Apart from trade and commerce, streets are being used as social and cultural space since time immortal across the world. In India, streets have traditionally been the public spaces around which social life and culture revolved. They constitute the urban public realm where people congregate, celebrate, interact and exchange information, culture, and goods. Even though the streets have been corridors of Infrastructure, they have always occupied an essential space within the public life of cities in India.
Nowadays, with the growing urbanization, Indian cities struggle to reconcile the competing needs of mobility and public life in open spaces. As private motor vehicle ownership grows, in efforts to accommodate the additional vehicles, it is becoming more and more difficult to retain adequate space for the social and economic activities that traditionally have taken place in our streets. Over time, streets have transformed from social gathering spaces and market areas to conduits for an ever-increasing volume of traffic.
Exchange of Goods through Indian streets is an important source of livelihoods for urban poor. The total number of street vendors in the country is estimated around 10 million. However, street vendors are often regarded as a public nuisance due to lack of recognition of their role in the city economy. They are accused of depriving pedestrians for their space, causing traffic jams and having links with anti-social activities. The municipal authorities and elite housing societies, often supported by the media, have targeted vendors time and again. Despite of having laws and policies to protect their rights, street vendors in India are facing multiple problems including lack of social protection, poor sanitary condition and health issues, obtaining license, insecurity of earnings, insecurity of place of hawking, gratifying officers and musclemen, constant eviction threat, fines and harassment by traffic policemen, etc.
LAWS AND POLICIES FOR STREET VENDING IN INDIA
The Government of India adopted a National Policy on 20th January 2004 and later on revised in 2009which reflects a landmark change in the perception of the street vendors – moving from ‘prohibition’ to regulation. The Introduction to the National Policy on Urban Street Vendors, 2004 states: “Street vending as a profession has been in existence in India since time immemorial. However, their number has increased manifold in the recent years….The role played by the street vendors in the economy as also in the society needs to be given due credit but they are considered as unlawful entities and are subjected to continuous harassment by civic authorities.” Further, in order to protect the right to livelihood and social security to urban street vendors in the country, Government of India has enacted The Street Vendors (Protection of Livelihood and Regulation of Street Vending) Act, 2014.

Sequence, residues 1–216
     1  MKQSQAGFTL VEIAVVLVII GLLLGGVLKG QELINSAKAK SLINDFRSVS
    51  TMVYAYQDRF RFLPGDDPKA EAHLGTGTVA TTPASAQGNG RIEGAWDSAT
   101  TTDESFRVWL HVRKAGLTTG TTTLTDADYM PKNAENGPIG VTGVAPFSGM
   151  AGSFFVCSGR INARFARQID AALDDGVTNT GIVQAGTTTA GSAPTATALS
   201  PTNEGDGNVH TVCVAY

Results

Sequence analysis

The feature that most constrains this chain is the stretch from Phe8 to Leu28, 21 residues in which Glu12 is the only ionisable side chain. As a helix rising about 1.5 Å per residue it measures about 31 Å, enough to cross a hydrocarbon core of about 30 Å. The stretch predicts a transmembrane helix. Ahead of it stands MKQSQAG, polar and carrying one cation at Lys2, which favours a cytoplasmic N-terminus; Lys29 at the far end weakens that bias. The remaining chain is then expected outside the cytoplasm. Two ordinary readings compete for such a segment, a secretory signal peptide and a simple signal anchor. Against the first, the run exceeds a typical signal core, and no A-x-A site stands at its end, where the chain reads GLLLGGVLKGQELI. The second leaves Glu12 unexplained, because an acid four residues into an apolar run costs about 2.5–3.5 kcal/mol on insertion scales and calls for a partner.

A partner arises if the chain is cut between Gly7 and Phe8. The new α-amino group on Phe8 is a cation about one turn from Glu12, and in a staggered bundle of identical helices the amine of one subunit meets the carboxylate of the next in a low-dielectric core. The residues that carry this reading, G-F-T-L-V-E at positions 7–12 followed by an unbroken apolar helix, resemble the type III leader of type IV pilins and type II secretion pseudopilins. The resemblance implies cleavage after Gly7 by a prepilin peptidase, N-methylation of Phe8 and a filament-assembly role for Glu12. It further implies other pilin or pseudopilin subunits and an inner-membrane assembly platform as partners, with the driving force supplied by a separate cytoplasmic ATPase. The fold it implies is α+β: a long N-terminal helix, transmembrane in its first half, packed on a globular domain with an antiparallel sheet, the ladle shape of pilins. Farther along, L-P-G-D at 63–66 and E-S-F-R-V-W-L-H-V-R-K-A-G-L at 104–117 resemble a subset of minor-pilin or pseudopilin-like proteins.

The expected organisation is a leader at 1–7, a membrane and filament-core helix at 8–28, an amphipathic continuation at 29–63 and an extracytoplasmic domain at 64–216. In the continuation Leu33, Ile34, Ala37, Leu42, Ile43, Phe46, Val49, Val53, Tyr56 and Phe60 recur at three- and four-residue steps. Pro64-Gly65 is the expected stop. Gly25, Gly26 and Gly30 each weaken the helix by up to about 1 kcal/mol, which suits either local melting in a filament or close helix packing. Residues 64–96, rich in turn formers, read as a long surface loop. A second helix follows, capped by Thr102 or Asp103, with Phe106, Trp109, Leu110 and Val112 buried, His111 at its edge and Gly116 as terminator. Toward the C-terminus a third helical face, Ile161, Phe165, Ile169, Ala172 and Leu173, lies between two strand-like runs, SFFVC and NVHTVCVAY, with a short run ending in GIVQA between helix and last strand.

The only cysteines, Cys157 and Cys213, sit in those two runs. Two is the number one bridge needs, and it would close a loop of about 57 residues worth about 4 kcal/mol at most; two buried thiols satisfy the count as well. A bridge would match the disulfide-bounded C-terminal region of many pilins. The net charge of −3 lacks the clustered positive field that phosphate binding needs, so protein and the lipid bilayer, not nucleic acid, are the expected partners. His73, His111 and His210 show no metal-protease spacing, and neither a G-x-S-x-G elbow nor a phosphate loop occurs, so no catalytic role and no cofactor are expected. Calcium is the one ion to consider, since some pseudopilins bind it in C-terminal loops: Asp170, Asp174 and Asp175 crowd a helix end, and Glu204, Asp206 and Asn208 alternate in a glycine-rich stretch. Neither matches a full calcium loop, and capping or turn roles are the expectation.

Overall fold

As part of the implementation, GoI made provision under the umbrella scheme of National Urban Livelihood Mission (NULM). There is a provision to ‘formalize’ street vending activities in the cities. Support to Urban Street Vendors (SUSV) component of the NULM directly looks at the issues of street vendors.
SUPPORT TO URBAN STREET VENDORS (SUSV)
The SUSV component of the NULM scheme specifies guidelines for addressing the livelihood issues of the vendors in the city through actions from the Urban Local Bodies (ULBs). The objectives of this component are as follows:
- Survey of street vendors and issue of Identity Cards,
- Formation of Town Vending Committee and Development of city street vending plans,
- Infrastructure development of vending zones in the city,
- Training and Skill Development,
- Financial Inclusion,
- Access to credit,
- Linkages to social security schemes.
The government of Gujarat has already formulated its guidelines under the SUSV component and has directed the cities around the state to move ahead with the implementation. Agencies have already been impaneled to carry on the survey of the street vendors, and consequently, fulfill the first objective of the SUSV component.
Bhuj, one of the historic cities of Gujarat, is famous for the wide variety of handicrafts and monuments. A considerable number of street vendors dependent on edges of the roads and streets for livelihood without any safety measures. Now, they have mushroomed along almost all busy streets in order to fulfill needs of people that creates a problem in vehicular as well as pedestrian movement. Therefore, initiatives have been taken to understand various components of streets and its relation to the social and economic aspects of the city with the vision to make city streets vending and citizens friendly.
WIEGO – Women in Informal Employment: Globalisaing and Organising, a Research and Policy Network (http://www.wiego.org/informal_economy_law/street-vendors-india).
THE COLOURS OF THE STREET